I remember the first occasion I openly said, “No thank you. I don’t drink.” I also remember the first time I was pushed as to “Why?” and that I replied, “Alcohol and I don’t mix. I’m better sober.” Man, how good it felt to simply tell the truth, how empowering. Sobriety is now a proud part of what defines me.

#2. People Will Ask “Why?”

As I’ve just described, people get curious, and some people will ask “Why?” It’s completely up to you how you respond. Remember, people who are asking are undoubtedly just being plain nosey, but that’s just people for you. You can tell them what you like – the empowering truth, a variant of the truth, or whatever else you want. I have found, however, that if you tell people you’re a recovering alcoholic, it only brings on a whole heap of more questions, so be prepared. However you do respond, always try and be true to yourself.

#3. Only Attend Because You Want To


Recovery also brings choice. As a sober person, I’m far choosier about what events to go to, and what ones to avoid. Put simply, if I don’t want to go, I don’t go. I don’t stand on ceremony for anyone. In sobriety, I do far more of what I want to do. So, if I go to an event where it’s a fact there’ll be plenty of alcohol, I go for a reason – good friends, excellent music, whatever. It has to be for a reason.

#4. Relax – Sobriety Means Never Having To Say You’re Sorry

Seriously… Well, maybe “never” is an exaggeration, but you get what I mean. No more apologizing to your boss/spouse/partner/parent/family member/best friend* (*delete as applicable) the following day, because, once again, you’ve overstepped the mark – well, jumped it again, to be honest. Social events invariably meant social mishaps and social quicks and when I was actively addicted.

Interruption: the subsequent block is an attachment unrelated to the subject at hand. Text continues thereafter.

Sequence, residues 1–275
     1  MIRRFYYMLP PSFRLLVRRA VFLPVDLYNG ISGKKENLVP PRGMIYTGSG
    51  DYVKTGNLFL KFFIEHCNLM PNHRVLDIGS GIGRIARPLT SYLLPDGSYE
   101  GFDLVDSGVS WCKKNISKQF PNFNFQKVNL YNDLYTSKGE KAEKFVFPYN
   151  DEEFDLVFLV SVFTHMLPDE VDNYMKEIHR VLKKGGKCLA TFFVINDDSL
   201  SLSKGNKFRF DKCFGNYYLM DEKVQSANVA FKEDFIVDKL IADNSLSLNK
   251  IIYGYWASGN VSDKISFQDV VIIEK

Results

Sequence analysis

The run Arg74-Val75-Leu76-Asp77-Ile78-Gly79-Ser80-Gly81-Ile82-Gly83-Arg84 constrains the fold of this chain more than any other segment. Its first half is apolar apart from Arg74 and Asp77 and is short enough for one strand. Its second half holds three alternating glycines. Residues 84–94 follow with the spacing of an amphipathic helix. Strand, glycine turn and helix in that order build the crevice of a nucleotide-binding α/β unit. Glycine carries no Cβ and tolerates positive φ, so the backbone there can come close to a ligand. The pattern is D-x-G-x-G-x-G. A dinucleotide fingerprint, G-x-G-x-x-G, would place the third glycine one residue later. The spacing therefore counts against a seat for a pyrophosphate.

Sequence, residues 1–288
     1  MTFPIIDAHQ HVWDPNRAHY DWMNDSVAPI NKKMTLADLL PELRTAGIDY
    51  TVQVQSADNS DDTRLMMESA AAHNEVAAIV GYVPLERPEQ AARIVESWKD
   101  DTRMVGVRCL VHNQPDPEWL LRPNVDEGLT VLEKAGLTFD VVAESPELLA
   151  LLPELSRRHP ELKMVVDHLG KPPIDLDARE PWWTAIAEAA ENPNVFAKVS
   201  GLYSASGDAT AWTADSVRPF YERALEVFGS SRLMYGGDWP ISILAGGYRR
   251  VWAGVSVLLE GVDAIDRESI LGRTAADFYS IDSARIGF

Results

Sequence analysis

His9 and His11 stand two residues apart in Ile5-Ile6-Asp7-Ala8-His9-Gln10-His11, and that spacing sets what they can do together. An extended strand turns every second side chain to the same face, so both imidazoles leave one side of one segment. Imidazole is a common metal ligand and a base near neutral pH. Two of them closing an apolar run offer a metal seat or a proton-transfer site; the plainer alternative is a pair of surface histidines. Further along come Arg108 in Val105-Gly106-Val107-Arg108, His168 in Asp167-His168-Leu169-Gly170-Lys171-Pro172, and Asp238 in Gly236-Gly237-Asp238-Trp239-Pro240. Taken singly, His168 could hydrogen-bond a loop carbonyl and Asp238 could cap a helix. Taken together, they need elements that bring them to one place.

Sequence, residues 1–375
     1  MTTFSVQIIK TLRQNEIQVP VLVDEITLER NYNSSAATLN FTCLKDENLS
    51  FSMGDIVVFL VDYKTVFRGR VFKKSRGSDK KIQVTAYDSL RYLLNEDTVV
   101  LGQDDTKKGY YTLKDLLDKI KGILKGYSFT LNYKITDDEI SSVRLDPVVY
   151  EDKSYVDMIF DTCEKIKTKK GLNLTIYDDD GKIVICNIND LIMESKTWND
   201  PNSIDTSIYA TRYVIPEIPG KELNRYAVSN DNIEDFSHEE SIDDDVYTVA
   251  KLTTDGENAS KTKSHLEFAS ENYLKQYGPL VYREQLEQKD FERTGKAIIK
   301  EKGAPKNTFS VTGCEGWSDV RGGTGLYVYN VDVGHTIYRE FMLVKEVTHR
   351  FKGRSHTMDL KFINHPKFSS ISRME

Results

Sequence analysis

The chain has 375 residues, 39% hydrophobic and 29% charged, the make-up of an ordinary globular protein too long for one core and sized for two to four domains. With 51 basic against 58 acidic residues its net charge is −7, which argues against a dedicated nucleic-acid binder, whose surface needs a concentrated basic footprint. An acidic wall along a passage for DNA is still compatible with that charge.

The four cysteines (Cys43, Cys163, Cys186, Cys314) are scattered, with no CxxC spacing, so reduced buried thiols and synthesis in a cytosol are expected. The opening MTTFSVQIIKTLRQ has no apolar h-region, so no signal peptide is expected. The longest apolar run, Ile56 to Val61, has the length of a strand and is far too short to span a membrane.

As a permanent drunk, I simply got past the point of caring who I’d offended – it was their problem, so let them deal with it. What a terrible way to live… Now, however, I never even get close to saying the wrong thing, or doing something others disagree with. In fact, most of the time, I’m quite cool to be around (so I’m told), and certainly much better to be in the company of now that I finally got the excellent treatment I so desperately needed. You will undoubtedly be too.

Lastly, Go Easy…

say-no.If you are going to attend an ad hoc social gathering or an organized social event, and you know that alcohol will be present too, bear these “4 Ways to Deal with Alcohol Socially for Those in Recovery” in mind:

  • Your Sobriety is You
  • People Will Ask “Why?”
  • Only Attend Because You Want To
  • Relax – Sobriety Means Never Having To Say You’re Sorry

Go easy, as I often say now. That means be relaxed about this group of people who may be drinking alcohol, because that’s all they are. Yes, they may not understand you, they may ask questions, you may think “Why am I bothering?” but whatever the circumstances, be relaxed and proud that you no longer drink. Their drinking (and possible drunkenness) is their lookout.

What experiences do you have of attending social events as a non-drinker, or even as someone in recovery from alcoholism? Feel free to pass on your experiences or ideas about other useful strategies in a comment below – thanks.

And yes, lastly, go easy.

Article Submitted By Community Writer